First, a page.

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Three men have been jailed for life for the murder of a masseur at his flat in London


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Three men have been jailed for life for the murder of a masseur at his flat in London. The gang of robbers targeted sex workers, picking them at random from "adult services" ads placed in Loot and Exchange & Mart, and using extreme violence.

Criminals have always preyed on the vulnerable, and sex workers are as vulnerable as they come.

Prostitutes know that every time they meet a client - who are basically complete strangers - they could be beaten, robbed, raped or even killed.

Twenty-nine-year-old Darren Johnson viewed sex workers as easy pickings.

He assumed they would be too ashamed of their occupation, or too worried by the consequences, to report the attacks to the police.

While prostitution is not in itself illegal, many sex workers do not wish to involve the police as awkward questions might be asked.

Some fear being asked if tax was being paid on their "immoral earnings", while others are in fear of their pimps or the immigration authorities.

Potential victims

In June 2004, Johnson, a hard-up clothing salesman from Battersea, south London, recruited two other men - Muhammed Nduka, 26, from Camberwell, and a 25-year-old who cannot be named for legal reasons - to join him in a series of forays.

Trawling through the adult services adverts in Loot and Exchange & Mart magazines, he spotted potential victims and rang them claiming to be a potential client.

After obtaining their addresses, he would arrive and trick or force his way in along with an accomplice.

Once inside, Johnson and his gang used a terrifying amount of violence on their victims to rob them of small amounts of cash, mobile phones, jewellery and credit cards.

Their first three victims - who had flats in the Regent's Park, Paddington and Fulham areas of London - were all women.

But on 15 July 2004, they changed tack and picked out a male masseur, who operated out of a flat in South Kensington.

Niphan Trikhana, who was from Thailand, was stabbed seven times and strangled with a ligature. He also had his little finger cut off.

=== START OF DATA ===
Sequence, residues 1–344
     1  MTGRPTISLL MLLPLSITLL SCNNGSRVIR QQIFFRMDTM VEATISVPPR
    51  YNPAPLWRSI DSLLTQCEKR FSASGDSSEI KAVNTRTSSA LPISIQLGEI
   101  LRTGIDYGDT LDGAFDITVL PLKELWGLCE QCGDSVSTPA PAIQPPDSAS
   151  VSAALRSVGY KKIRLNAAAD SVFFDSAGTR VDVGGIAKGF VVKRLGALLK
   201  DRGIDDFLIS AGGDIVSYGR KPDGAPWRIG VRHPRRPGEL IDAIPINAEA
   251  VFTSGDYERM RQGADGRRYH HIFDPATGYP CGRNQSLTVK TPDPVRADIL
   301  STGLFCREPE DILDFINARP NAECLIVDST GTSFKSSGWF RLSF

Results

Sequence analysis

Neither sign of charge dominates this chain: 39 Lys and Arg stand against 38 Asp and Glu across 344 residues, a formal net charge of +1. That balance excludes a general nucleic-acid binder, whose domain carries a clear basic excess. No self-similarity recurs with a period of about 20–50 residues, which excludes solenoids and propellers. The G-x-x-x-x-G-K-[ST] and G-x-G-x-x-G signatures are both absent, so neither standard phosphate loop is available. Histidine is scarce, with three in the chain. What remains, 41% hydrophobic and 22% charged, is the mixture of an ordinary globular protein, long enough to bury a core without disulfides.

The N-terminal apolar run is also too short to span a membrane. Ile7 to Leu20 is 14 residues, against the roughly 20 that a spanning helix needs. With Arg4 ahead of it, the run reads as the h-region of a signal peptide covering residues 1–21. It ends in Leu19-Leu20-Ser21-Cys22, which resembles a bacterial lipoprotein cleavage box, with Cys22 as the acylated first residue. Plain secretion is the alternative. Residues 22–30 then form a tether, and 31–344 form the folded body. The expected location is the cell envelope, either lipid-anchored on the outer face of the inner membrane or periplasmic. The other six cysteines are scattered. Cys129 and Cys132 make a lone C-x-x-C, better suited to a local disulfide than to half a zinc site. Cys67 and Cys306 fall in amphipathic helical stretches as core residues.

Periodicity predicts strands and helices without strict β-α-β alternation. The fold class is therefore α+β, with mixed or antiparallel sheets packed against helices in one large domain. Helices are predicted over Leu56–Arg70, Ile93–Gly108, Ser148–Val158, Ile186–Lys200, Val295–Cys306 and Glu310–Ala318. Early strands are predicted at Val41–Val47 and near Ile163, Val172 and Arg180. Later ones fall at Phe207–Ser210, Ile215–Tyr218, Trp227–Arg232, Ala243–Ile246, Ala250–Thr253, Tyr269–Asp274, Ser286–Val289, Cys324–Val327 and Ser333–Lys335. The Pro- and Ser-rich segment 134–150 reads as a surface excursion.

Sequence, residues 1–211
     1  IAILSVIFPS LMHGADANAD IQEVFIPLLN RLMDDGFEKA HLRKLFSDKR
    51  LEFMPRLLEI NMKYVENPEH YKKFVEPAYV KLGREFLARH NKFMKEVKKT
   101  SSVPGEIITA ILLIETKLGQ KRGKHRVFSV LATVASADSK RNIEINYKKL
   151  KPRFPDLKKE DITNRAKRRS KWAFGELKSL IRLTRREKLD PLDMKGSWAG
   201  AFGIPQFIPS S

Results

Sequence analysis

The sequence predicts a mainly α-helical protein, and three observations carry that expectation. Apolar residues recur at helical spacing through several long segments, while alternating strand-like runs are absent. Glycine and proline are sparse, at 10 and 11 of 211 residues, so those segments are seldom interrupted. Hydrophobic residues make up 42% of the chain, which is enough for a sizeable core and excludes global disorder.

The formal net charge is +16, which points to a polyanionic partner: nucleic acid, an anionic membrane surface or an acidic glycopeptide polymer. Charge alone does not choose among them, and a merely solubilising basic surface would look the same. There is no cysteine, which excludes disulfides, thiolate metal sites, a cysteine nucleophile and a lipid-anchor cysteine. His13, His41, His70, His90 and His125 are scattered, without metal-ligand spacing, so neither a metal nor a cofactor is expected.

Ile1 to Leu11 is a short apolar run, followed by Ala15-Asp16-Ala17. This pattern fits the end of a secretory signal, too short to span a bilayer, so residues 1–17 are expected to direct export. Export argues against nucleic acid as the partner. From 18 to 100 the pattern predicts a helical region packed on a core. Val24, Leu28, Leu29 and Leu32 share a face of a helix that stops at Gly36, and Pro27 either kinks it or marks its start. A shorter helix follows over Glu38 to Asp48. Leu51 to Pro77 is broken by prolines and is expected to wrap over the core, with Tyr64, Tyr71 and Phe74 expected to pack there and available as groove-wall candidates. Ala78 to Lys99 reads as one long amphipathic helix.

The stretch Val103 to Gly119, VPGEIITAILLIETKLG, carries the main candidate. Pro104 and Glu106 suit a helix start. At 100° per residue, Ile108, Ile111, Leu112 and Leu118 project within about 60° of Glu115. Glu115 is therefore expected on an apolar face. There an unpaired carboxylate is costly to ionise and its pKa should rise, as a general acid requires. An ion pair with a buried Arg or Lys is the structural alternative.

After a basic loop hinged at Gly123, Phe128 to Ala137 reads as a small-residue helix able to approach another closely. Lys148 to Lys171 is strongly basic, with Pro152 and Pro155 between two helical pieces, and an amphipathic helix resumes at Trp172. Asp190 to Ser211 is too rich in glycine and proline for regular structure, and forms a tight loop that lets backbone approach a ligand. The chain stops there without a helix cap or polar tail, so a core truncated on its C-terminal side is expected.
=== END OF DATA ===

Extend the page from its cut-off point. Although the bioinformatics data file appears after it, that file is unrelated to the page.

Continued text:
Mr Trikhana's body was discovered by his landlord a week later.

The 32-year-old, better known as Nikki, came to Britain in 2001. He had only moved into the flat in Cranley Place 10 days before he was murdered.

Phone leads

Detective Inspector Bill Jephson was put on the case, and within a few days he had several positive leads.

He correctly guessed the killers did not know Mr Trikhana, had picked him at random and were motivated by robbery.

It's good that these men have been caught and brought to justice, but violent men go after sex workers because they are fairly confident that they will not be pursued

English Collective of Prostitutes

Det Insp Jephson checked who had rung the victims shortly before the

attacks, and noticed that a couple of mobile phone numbers cropped up more than once.

One of them led back to Johnson, and from then on the evidence against him and his accomplices just kept streaming in.

Several of the female victims gave evidence about their ordeal at the hands of the gang, and although Johnson and the others testified and desperately tried to explain away the phone evidence, on Tuesday the jury found them guilty.

Johnson, who was acquitted in 2000 of murdering a man in south London, was jailed for life on Wednesday and told he would have to serve a minimum of 35 years behind bars.

Nduka was given a minimum tariff of 22 years and the third man told he must serve 25 years in jail.

A fourth man, Thomas Girmay, 22, was convicted of one count of robbery and jailed for 11 years.

'Low priority'

A spokeswoman for English Collective of Prostitutes welcomed the convictions but claimed that police treated attacks on sex workers as a low priority.

She told the BBC News website: "It's good that these men have been caught and brought to justice, but violent men go after sex workers because they are fairly confident that they will not be pursued. Police prioritise prosecutions, and violent men know this."

She also claimed sex workers were being forced to work on the street - which is 10 times more dangerous than working in brothels - because of initiatives such as Operation Pentameter, which has targeted massage parlors nationwide.

"Police are raiding premises where women are working safely, claiming to be tackling human trafficking. But they have spent £500,000 on Pentameter and so far have only found 16 trafficked women. Most of those who were targeted were working perfectly legally."

But a spokeswoman for Operation Pentameter, said they had actually identified 84 trafficked women in 13 weeks, 12 of whom were under the age of 17.

She said: "Pentameter's stated aim was to identify and rescue trafficked women who are being forced to work as prostitutes against their will - beaten, systematically raped and falsely imprisoned. The feedback from the majority of willing sex workers who were in brothels where visits were conducted was positive - many seemed genuinely glad that the authorities were tackling the problem."

By Chris Summers

BBC News

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